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Issue 19


The Exorcist

On the great film of Georgetown.


As a Jesuit and as a Georgetown alumnus, I am pleased to claim a double connection to The Exorcist. Fifty years after its initial theatrical release, William Friedkin’s film remains one of the best and most credible cinematic depictions of the Society of Jesus, with Jason Miller’s angst-ridden Jesuit psychiatrist Damien Karras and Max von Sydow’s veteran exorcist Lankester Merrin representing two of the most perfectly realized clerical characters in the history of cinema. Set and filmed on the campus of Georgetown University and in the surrounding neighborhood, The Exorcist also enjoys a unique place in the hearts of many students and alumni. In order to honor and perpetuate this bond, the film has long benefited from an annual campus screening on the night of Halloween, introducing new generations of Hoyas to a now-august Hilltop tradition.

A product of the tumultuous years following the Second Vatican Council, The Exorcist also reflects some of the tensions of postconciliar Catholicism. Father Karras represents the stereotype of the “new” Jesuit priest formed in the 1960s, a Harvard-trained psychiatrist who discounts the reality of the supernatural and sees exorcism as an archaic ritual rendered obsolete by modern science. By contrast, Father Merrin represents the “old” Jesuits and the old Church, at once courtly and austere, always unflinchingly certain that the Enemy he faces is very real. The differences between the two Jesuits cannot be reduced to a simple conflict between tradition and modernity: Merrin, like Karras, is a man of science, who first appears while taking part in an archaeological dig in Iraq, where the elderly priest receives a premonition of the confrontation that awaits him on the other side of the world. But whereas Karras places his faith in technological progress, trusting in the promises of psychiatry, Merrin recognizes that unaided human reason cannot solve all of the problems of the soul.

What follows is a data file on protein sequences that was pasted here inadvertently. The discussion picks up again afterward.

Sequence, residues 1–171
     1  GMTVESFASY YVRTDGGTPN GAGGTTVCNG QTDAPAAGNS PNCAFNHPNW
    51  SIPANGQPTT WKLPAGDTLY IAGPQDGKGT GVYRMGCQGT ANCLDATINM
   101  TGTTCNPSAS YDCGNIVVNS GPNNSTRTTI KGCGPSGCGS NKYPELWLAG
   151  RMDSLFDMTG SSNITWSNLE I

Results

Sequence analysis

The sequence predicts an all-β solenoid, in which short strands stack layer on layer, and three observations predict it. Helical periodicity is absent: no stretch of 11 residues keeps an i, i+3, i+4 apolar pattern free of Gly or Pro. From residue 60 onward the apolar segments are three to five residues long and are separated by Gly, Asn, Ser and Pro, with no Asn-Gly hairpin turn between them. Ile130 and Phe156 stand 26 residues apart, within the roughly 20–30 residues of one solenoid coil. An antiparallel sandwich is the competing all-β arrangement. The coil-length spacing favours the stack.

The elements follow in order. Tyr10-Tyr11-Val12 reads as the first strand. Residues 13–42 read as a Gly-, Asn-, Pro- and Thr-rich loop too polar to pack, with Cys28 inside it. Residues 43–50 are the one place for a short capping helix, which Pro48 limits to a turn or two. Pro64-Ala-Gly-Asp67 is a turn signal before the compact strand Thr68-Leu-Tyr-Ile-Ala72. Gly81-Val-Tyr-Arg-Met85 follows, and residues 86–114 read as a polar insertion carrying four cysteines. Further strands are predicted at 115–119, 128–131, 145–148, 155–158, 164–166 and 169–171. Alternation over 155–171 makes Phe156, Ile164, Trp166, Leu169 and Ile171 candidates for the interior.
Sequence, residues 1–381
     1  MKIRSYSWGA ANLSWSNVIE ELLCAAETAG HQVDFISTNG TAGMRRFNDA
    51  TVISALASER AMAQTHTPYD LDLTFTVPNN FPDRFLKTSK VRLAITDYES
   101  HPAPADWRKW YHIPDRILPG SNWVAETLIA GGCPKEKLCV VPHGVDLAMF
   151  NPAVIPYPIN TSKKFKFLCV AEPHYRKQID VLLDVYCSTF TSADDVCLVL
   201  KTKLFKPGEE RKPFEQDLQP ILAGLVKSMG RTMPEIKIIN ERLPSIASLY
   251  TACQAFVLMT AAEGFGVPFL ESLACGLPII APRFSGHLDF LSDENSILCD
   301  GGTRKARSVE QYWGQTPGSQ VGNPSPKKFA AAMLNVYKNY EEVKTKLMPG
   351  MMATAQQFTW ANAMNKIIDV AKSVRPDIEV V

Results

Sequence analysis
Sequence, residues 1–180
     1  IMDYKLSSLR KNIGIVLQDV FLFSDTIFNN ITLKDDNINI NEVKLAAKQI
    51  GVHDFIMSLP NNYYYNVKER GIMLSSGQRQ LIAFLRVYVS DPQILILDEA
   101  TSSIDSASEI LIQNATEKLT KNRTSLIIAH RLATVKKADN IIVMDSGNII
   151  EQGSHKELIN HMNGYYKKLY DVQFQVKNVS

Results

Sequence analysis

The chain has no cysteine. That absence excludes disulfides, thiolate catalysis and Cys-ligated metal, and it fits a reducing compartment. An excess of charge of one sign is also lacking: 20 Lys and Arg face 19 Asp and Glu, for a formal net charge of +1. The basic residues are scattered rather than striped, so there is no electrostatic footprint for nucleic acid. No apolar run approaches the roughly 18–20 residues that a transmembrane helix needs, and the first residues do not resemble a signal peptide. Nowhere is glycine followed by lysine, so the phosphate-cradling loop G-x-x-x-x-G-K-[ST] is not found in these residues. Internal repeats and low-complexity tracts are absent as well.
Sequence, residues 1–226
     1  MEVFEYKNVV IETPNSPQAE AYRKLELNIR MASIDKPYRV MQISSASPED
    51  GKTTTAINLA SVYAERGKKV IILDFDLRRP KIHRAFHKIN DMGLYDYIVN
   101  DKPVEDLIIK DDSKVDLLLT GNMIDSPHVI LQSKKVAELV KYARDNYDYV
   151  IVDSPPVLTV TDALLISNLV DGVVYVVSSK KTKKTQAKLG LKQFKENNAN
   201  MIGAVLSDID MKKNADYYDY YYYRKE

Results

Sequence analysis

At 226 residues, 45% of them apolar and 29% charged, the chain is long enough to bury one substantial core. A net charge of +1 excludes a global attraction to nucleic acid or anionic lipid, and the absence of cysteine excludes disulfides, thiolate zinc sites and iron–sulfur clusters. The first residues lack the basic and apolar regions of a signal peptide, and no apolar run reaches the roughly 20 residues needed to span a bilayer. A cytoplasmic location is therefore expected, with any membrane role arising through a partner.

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About the author

Joseph Koczera

Father Joseph Koczera, S. J., teaches at the Pontifical Gregorian University in Rome.